These tips on how to grow cherry tomatoes include how to plant cherry tomato seedlings, how to grow cherry tomatoes in pots, and more.
There are so many reasons to grow cherry tomatoes. They are low maintenance, a single plant can produce multiple pounds of fruit, and they are ideal for small and large gardening spaces. Not only are these inexpensive plants to grow, but you can choose from many varieties as well offering you an assortment of flavors and colors. If you are considering growing cherry tomatoes, look at these helpful tips on how to grow cherry tomatoes and reap all the benefits they have to offer.
How to Grow Cherry Tomatoes
How to plant cherry tomatoes from seedlings:
When planting cherry tomatoes, it is wise to plant from seedlings as opposed to seed. They take a long time to mature, so if you have a short growing season or just ready to enjoy cherry tomatoes asap, seedlings are best. Some of the seedlings you can choose from including yellow pear, grape, and even black cherry.
When planting cherry tomato seedlings, you want to dig a hole about 3 inches deep, or at least enough to fully cover the root ball of the plant. Choose a full sun area that gets at least 7-8 hours of full sun per day. This is essential or your tomatoes won’t ripen fully.
Choose a nutrient-rich soil that drains well as cherry tomatoes don’t like soggy roots. If planting multiple plants, be sure to space them at least a foot to 18 inches apart as cherry tomatoes need lots of room to grow.
Cherry tomato growing tips:
Once your seedlings are in the ground, they will enjoy weekly feedings of plant food. Use a liquid food once a week applied at the base of the plant. When watering your cherry tomato plants, you want to be sure the water also goes in at the base, as water on the leaves can result in rot and burning. A layer of compost and mulch around the base of the plant can help keep the soil cool and keep moisture locked in as well.
Once the plants are about a foot tall, you will need to add some support. A stake or a tomato cage is ideal as they will help support the stems once the fruit starts to come in. Cages also help prevent snapping of the base and can even help keep critters away. Be sure you place the cage on while the plant is still young and pliable.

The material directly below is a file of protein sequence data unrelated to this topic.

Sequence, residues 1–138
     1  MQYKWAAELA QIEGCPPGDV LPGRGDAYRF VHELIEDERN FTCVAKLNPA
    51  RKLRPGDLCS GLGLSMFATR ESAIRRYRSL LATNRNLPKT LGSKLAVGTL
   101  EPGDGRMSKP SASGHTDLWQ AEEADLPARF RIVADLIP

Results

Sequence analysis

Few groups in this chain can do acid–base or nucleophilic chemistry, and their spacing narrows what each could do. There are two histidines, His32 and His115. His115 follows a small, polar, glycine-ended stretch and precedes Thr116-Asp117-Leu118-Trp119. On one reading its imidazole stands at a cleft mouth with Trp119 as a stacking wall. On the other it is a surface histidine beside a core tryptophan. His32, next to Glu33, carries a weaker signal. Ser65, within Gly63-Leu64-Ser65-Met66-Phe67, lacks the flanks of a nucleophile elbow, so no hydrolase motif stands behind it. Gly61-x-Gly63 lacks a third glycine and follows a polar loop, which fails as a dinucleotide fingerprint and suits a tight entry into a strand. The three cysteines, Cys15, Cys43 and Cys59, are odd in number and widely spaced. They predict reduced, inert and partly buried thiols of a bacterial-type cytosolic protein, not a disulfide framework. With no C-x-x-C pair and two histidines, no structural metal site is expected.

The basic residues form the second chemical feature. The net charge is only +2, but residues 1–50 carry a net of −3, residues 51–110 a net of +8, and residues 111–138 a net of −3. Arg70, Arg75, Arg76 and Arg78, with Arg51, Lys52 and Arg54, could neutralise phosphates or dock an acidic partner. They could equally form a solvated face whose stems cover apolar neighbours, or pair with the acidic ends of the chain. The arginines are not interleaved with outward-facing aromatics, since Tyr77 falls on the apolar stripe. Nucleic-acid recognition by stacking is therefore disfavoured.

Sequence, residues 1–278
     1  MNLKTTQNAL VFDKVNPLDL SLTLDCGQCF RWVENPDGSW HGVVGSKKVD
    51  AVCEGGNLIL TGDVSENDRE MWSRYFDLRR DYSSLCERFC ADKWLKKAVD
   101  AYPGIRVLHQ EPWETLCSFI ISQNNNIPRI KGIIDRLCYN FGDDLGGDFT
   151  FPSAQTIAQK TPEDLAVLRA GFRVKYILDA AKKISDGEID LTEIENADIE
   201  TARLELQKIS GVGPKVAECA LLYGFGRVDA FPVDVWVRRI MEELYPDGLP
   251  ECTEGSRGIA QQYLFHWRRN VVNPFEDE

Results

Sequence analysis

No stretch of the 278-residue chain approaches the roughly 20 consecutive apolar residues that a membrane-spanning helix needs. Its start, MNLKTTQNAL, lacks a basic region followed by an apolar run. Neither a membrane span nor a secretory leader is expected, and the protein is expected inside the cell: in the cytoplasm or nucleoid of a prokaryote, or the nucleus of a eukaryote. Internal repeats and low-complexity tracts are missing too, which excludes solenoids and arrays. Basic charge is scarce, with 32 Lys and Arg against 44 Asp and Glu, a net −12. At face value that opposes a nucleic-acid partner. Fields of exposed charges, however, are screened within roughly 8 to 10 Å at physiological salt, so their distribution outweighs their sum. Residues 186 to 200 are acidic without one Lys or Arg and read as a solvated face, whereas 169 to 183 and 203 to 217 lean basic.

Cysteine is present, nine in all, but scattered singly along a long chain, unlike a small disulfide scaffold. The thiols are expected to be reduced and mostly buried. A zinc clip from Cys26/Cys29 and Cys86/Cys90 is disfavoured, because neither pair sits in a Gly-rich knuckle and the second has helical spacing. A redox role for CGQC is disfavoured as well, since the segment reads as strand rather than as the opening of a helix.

Pests do like to nibble cherry tomatoes, so you may need to take precautions. If rabbits are an issue, you can use a natural repellent like marigolds around your cherry tomatoes to keep them out. In extreme cases, garden fencing may be ideal. Certain types of garden caterpillars and aphids may also like to munch on your cherry tomato foliage, so a homemade pest spray made from dish soap and water can help.
Keep your tomato plants cool and fed by offering 2 inches of water per week, more when the weather is extremely dry.
Growing cherry tomatoes in pots:
If you are limited on space, cherry tomatoes are perfect for growing in pots. You still want to plant at the same depth and space according to the directions above. One key element is that you use a pot with plenty of drainage holes. Your potted cherry tomatoes will do well if set out on a patio or balcony that gets at least 7 hours of sun per day.
Since pots tend to be smaller, you may not be able to fit a large tomato cage. In this case, a wooden stake and some ties are ideal for offering support.
Cherry tomato troubleshooting:
Should your fruit not turn red/orange/yellow and remain green, chances are the plant is not getting enough sun. If you planted in a container, move the cherry tomato plant to a sunnier location. If you are unable to move plants, you can try picking the produce (leaving some stem and foliage intact) and letting it sit in the sun so it can continue to ripen.
Cherry tomatoes will use their leaves to communicate. Yellowing leaves mean they have had too much water. Brown leaves could mean not enough water. Leaves that are chalky white or spotted may mean a pest issue. Look for evidence of pests in the area and treat accordingly.
When to pick cherry tomatoes:
In most cases, your cherry tomatoes are ready to harvest when they are the size of a large grape. They will also be a bright red, yellow, or orange according to variety. They will be firm to the touch with a slight give. Pick as soon as they are ripe, or the fruit will become mushy and pests and rot might set in. You can pick cherry tomatoes right from the stems, just simply pinch them off. They should be stored in a cool and dry place until ready to use.
Once harvested you can use your cherry tomatoes in so many ways. They are awesome in green salads, pasta salads, and can be used in stews. They are also ideal for canning or using in salsa or sauces.
Try these tips on how to grow cherry tomatoes and see why this is the perfect plant to grow even if you are limited on space. Even the smallest plants will grow an abundance of fruit for you!